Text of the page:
Testimony By Affidavit: Proposed Changes to Discovery Process in Opposition and Cancellation Proceedings Before the TTAB
The U.S Patent and Trademark Office recently announced proposed rule changes for proceedings before the Trademark Trial and Appeal Board (“TTAB”), which hears oppositions to pending applications to register trademarks as well as challenges to existing registrations.
There are a wide range of proposed changes but the most significant relate to discovery.
First and foremost, the USPTO proposes allowing parties to submit trial testimony by affidavit. The current practice is take the deposition of the witness and then submit the deposition transcript as trial testimony, although the current rules do allow for alternative methods, including submission of an affidavit, but only at the agreement of both parties. The proposed rule change would allow a party to unilaterally submit a signed declaration from the witness. The opposing party can then demand the right to orally cross-examine the witness.
Other proposed changes to the discovery process also reflect an attempt to streamline the proceeding. For example, the USPTO proposes limiting the number of document requests and requests for admission and requiring that they be served in time for responses to be provided before the close of the discovery period. The proposed changes also include reference to the “rule of proportionality” that went into effect for the Federal Rules of Civil Procedure in December 2015, which rule provides that discovery must be proportional to the needs of the case, considering, among other things, the parties’ resources and whether the burden or expense of the proposed discovery outweighs it likely benefit.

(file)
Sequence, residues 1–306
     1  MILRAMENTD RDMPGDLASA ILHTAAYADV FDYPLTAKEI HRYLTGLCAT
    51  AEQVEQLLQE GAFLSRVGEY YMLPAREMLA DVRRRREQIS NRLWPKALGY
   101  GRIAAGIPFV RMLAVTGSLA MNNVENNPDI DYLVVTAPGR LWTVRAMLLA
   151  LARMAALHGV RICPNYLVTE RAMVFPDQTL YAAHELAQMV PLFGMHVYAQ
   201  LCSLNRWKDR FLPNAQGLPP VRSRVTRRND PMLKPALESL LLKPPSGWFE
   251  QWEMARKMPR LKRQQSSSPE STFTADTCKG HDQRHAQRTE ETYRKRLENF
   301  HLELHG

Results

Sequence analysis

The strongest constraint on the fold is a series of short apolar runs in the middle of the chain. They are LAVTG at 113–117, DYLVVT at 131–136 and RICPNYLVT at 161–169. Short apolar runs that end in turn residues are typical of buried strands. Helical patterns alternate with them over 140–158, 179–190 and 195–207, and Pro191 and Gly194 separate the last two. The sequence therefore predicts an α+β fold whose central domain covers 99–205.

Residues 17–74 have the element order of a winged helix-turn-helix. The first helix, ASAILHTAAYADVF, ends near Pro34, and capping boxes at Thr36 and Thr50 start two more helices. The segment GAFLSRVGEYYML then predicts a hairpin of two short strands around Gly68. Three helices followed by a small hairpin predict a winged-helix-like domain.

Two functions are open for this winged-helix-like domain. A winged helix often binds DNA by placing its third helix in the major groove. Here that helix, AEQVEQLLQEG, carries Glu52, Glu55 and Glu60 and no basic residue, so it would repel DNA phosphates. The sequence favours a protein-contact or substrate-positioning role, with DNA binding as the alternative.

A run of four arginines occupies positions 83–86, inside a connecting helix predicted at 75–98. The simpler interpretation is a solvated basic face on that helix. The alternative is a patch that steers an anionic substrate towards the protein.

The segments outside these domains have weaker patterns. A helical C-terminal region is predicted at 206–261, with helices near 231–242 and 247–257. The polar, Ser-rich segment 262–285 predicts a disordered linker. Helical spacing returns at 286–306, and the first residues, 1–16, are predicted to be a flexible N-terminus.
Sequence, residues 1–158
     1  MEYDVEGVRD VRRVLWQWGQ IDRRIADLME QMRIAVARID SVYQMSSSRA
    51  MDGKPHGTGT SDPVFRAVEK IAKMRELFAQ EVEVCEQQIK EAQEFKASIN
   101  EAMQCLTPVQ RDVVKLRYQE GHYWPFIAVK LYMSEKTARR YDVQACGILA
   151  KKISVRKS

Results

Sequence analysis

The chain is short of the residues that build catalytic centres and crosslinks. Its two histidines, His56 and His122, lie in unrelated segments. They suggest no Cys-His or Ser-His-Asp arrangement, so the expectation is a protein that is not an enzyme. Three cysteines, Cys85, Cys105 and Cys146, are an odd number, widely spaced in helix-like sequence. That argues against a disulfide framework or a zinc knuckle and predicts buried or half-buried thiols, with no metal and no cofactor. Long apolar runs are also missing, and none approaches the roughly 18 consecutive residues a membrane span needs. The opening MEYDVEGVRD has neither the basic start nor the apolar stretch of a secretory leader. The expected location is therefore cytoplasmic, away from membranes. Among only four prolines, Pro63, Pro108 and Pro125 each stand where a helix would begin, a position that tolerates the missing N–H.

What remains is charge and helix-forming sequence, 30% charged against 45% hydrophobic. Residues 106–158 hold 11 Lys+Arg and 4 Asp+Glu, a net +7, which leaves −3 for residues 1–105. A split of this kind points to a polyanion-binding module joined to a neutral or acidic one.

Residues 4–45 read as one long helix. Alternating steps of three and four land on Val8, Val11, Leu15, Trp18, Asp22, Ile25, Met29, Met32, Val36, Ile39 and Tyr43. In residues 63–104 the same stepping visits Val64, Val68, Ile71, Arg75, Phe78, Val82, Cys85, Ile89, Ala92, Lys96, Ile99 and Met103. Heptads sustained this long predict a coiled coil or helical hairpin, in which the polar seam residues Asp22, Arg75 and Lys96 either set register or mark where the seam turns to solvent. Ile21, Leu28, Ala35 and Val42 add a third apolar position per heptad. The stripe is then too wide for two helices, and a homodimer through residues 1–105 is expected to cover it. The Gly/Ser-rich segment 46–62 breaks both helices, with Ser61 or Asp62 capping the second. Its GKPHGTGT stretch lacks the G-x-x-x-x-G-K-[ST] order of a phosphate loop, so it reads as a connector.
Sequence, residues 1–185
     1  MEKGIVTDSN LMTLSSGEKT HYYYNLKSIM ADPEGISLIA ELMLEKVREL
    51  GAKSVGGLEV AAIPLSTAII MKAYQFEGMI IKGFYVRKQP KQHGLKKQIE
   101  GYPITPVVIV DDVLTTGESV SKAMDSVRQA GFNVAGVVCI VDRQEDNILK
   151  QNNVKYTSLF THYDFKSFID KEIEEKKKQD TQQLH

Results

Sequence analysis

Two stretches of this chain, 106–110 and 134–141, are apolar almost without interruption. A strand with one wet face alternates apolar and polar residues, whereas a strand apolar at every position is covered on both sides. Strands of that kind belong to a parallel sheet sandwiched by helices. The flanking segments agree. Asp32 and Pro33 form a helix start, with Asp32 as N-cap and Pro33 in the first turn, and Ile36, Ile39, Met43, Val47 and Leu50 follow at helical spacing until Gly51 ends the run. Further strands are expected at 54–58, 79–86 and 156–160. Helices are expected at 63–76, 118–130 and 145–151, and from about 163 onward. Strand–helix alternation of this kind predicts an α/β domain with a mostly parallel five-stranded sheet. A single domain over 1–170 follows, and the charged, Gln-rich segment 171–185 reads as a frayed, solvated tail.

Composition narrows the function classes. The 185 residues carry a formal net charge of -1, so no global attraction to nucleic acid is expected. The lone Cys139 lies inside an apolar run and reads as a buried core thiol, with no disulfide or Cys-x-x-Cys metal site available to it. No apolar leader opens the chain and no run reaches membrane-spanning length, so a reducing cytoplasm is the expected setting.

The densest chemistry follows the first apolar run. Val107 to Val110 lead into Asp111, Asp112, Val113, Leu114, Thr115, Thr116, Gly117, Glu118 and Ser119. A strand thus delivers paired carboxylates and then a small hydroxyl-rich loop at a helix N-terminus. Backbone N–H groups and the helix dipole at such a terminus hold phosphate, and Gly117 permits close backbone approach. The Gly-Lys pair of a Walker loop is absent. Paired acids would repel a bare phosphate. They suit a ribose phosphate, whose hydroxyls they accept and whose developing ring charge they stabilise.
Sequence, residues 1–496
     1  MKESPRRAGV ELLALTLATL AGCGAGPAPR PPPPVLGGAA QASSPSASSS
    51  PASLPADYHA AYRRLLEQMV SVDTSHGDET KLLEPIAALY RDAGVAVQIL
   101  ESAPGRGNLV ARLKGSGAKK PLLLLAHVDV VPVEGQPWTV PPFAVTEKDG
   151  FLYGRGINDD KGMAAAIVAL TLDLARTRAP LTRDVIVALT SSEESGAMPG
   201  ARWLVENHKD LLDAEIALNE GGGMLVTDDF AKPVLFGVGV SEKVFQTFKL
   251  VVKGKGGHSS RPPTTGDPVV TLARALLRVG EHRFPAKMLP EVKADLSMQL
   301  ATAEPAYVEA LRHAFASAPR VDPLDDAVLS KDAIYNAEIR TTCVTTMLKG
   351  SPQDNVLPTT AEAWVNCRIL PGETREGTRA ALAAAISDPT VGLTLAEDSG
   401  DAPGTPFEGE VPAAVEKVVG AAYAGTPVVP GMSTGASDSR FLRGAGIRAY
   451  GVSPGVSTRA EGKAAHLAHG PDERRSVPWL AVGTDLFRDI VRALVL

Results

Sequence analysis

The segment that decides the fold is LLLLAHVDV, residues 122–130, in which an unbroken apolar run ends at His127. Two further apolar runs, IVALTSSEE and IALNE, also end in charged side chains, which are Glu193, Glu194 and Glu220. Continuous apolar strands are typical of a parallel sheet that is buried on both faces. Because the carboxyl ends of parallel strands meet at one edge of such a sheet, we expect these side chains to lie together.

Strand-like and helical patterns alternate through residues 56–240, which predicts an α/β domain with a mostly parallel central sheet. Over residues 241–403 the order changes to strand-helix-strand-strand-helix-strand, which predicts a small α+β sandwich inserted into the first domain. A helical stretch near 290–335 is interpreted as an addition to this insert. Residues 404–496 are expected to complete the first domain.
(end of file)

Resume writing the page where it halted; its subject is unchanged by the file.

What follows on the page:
The proposed changes are expressly designed to “promote efficient trial procedure.” It seems likely that most will have that effect and in turn result in a less costly and lengthy procedure for litigants. To this end, the proposed changes would seem to benefit both trademark owners and challengers. However, it remains to be seen whether, assuming the proposed change goes into effect, the use of testimony by affidavit will significantly decrease the use of depositions or whether it will result in gamesmanship and/or litigants routinely requesting the opportunity to cross-examine a witness who has provided an affidavit.